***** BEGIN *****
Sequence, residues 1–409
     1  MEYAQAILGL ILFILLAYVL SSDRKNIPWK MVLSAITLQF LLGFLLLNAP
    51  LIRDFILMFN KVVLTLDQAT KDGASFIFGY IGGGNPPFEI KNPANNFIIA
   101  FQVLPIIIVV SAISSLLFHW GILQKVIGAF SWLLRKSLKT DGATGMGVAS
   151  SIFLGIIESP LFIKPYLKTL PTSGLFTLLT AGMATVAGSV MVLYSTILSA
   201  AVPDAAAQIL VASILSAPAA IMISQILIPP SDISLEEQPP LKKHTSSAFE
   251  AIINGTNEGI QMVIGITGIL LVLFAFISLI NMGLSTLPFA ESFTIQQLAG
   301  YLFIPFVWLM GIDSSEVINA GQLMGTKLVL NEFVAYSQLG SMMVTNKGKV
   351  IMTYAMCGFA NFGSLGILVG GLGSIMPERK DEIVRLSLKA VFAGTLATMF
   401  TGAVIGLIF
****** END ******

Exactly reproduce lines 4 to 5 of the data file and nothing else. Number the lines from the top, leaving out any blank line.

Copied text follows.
   101  FQVLPIIIVV SAISSLLFHW GILQKVIGAF SWLLRKSLKT DGATGMGVAS
   151  SIFLGIIESP LFIKPYLKTL PTSGLFTLLT AGMATVAGSV MVLYSTILSA